He then called again on the prosecutor to present the indictment against McLennan and Sumner.
At this point Prosecutor Kissoon sought an adjournment to seek the advice of the DPP.
But Justice Bovell-Drakes rejected the request, pointing out to the prosecutor that she was there as the authorized representative of the office of the DPP.
“Under the Attorney’s Act, anyone who stands before the court (as prosecutor) assumes the role of the DPP and the Attorney General. I am not going to sit here and encourage people to flout the law. You are subject to the law, not to the DPP,” Justice Bovell-Drakes stated.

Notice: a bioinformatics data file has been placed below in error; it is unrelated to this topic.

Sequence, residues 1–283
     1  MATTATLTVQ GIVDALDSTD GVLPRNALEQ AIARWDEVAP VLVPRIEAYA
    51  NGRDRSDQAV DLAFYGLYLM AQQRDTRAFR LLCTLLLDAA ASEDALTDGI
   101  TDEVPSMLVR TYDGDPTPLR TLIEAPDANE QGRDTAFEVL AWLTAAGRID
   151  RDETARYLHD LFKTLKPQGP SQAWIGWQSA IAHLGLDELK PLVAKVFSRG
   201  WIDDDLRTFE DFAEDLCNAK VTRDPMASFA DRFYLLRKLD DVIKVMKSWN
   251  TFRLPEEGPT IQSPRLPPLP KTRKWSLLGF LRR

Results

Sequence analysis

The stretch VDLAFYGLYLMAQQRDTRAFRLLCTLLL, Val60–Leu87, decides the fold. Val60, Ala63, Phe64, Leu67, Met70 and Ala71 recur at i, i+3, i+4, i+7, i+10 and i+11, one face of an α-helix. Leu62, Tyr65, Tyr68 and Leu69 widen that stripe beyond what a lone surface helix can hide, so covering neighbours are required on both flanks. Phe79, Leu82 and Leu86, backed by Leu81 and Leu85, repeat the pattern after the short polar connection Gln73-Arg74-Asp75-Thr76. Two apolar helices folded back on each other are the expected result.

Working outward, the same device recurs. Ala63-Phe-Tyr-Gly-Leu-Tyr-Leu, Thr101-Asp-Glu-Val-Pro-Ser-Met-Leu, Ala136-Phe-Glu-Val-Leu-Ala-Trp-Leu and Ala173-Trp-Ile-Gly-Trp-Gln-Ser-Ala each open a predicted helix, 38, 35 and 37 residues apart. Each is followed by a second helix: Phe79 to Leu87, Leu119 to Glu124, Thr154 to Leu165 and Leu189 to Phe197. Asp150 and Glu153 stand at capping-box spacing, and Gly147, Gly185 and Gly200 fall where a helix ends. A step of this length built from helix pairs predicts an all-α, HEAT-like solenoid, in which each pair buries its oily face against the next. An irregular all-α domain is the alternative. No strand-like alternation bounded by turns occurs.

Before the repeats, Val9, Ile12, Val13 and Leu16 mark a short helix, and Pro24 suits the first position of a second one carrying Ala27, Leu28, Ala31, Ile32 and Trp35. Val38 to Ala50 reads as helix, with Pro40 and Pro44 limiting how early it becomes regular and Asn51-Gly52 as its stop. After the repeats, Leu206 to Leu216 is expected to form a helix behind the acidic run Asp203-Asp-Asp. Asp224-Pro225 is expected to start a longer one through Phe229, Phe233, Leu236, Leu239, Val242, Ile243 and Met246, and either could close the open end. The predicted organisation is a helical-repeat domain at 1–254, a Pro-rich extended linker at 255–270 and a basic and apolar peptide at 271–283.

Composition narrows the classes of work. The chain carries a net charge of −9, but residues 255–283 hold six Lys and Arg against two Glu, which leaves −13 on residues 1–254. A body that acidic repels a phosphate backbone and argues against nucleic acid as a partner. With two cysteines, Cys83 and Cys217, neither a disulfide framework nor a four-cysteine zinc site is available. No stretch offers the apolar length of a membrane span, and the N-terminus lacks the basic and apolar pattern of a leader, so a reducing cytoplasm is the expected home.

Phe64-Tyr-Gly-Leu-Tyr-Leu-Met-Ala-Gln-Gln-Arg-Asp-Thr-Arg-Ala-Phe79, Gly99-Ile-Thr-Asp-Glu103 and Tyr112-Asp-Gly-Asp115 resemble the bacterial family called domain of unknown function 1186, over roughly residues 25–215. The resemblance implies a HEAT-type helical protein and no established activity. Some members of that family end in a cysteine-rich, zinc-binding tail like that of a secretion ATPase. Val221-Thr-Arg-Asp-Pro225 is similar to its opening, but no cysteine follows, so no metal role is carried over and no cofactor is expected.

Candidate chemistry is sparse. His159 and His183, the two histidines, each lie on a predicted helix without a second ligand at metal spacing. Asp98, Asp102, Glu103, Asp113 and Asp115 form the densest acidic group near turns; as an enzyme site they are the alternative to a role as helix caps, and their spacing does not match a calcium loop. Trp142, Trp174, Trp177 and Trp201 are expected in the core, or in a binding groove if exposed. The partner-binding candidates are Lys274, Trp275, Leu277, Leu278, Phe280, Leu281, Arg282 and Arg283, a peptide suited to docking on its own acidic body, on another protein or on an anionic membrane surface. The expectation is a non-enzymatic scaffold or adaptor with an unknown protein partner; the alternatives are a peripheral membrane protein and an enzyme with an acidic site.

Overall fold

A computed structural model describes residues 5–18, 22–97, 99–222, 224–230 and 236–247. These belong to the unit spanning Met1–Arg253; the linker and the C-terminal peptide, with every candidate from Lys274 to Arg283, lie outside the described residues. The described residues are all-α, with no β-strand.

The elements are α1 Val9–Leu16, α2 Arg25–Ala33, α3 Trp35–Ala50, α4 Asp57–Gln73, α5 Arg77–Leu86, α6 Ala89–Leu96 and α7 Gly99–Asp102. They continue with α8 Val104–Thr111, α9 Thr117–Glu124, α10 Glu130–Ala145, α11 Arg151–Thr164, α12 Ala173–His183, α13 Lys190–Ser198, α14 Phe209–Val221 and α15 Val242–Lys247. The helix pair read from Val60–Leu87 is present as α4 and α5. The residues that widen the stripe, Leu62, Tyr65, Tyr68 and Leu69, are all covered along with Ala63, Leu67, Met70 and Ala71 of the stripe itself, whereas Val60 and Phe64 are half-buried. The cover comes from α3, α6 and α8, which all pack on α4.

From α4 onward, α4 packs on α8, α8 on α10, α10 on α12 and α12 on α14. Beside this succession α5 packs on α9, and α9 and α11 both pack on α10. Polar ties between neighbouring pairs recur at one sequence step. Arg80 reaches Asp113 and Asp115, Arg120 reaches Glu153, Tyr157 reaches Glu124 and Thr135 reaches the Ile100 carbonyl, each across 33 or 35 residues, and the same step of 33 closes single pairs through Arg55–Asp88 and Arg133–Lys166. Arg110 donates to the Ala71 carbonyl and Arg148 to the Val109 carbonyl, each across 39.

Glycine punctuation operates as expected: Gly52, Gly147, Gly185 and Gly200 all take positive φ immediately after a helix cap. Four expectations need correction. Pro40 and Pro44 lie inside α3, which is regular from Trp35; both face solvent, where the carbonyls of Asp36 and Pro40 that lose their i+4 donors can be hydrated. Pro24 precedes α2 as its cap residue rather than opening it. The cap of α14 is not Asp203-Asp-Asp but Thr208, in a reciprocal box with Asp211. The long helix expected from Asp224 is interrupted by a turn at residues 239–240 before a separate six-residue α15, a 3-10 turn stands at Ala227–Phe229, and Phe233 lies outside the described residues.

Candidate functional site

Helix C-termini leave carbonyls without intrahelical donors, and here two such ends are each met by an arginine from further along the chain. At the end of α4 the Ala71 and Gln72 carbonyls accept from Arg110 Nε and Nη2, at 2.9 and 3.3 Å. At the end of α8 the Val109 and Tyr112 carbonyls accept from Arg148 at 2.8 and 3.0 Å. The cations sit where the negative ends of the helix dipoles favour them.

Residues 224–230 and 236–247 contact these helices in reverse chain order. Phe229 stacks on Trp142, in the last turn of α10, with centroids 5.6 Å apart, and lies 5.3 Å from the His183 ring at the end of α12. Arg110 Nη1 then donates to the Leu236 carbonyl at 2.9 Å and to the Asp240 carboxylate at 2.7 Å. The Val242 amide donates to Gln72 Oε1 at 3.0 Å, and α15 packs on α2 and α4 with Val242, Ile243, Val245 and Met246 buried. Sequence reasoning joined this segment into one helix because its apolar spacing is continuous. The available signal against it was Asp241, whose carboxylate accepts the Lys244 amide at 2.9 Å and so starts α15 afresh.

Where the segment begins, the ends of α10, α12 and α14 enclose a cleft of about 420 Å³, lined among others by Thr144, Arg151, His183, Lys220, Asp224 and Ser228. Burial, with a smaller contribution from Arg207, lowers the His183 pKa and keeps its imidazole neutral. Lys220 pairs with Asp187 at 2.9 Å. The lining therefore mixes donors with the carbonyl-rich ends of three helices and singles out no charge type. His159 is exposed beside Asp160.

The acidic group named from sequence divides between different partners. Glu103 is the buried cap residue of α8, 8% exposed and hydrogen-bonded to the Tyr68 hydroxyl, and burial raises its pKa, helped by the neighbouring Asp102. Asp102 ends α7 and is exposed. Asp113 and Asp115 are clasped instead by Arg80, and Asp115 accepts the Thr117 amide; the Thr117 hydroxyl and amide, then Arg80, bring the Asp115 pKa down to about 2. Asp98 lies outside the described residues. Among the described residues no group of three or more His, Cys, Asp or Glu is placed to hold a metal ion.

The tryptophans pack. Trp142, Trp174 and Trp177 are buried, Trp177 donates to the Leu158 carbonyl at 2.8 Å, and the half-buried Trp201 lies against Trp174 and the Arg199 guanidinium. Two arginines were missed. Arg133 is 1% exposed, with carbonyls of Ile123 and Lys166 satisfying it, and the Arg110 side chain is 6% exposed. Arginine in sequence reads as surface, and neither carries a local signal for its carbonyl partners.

At this point the team from the DPP’s office appeared to panic. Frantic telephone calls were made as the judge and a packed courtroom waited for them to come up with a different position.
Justice Bovell-Drakes pointed out that he had the authority to instruct the prosecution to carry on with the case.
The prosecution then turned to Article 187 of the Constitution and pointed out that the DPP shall not be subject to the direction of the court.
“Come with another limb,” Justice Bovell-Drakes responded.
He went on to warn the prosecution that since the prosecution could not offer a proper explanation for not presenting the indictment against McLennan and Sumner, he will be obliged to put them on bail.
“This is the power that I have. You cannot make a mockery of a person’s rights. They are in prison so long. I make an order and the DPP says ‘forget about my order’. Unless I am a Jack-in -the box, which I’m not, I think my words mean something,” Justice Bovell-Drakes said.